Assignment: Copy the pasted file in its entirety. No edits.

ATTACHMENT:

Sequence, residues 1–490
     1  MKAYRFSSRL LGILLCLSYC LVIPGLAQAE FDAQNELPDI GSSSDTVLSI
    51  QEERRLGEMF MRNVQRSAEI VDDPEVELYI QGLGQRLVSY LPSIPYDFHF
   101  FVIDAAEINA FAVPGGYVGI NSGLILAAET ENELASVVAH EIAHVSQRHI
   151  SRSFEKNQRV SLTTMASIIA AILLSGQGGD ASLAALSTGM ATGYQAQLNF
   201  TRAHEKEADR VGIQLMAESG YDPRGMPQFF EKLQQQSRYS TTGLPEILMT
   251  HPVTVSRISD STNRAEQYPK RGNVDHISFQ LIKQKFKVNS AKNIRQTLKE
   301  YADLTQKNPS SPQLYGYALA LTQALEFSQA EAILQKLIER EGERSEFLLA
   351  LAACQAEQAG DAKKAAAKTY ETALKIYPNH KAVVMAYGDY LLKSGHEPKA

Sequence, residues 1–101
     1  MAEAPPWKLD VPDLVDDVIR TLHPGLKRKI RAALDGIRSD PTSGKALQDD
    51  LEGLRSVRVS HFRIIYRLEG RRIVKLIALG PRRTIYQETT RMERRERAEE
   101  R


Sequence, residues 1–490
     1  MKAYRFSSRL LGILLCLSYC LVIPGLAQAE FDAQNELPDI GSSSDTVLSI
    51  QEERRLGEMF MRNVQRSAEI VDDPEVELYI QGLGQRLVSY LPSIPYDFHF
   101  FVIDAAEINA FAVPGGYVGI NSGLILAAET ENELASVVAH EIAHVSQRHI
   151  SRSFEKNQRV SLTTMASIIA AILLSGQGGD ASLAALSTGM ATGYQAQLNF
   201  TRAHEKEADR VGIQLMAESG YDPRGMPQFF EKLQQQSRYS TTGLPEILMT
   251  HPVTVSRISD STNRAEQYPK RGNVDHISFQ LIKQKFKVNS AKNIRQTLKE
   301  YADLTQKNPS SPQLYGYALA LTQALEFSQA EAILQKLIER EGERSEFLLA
   351  LAACQAEQAG DAKKAAAKTY ETALKIYPNH KAVVMAYGDY LLKSGHEPKA

Sequence, residues 1–101
     1  MAEAPPWKLD VPDLVDDVIR TLHPGLKRKI RAALDGIRSD PTSGKALQDD
    51  LEGLRSVRVS HFRIIYRLEG RRIVKLIALG PRRTIYQETT RMERRERAEE
   101  R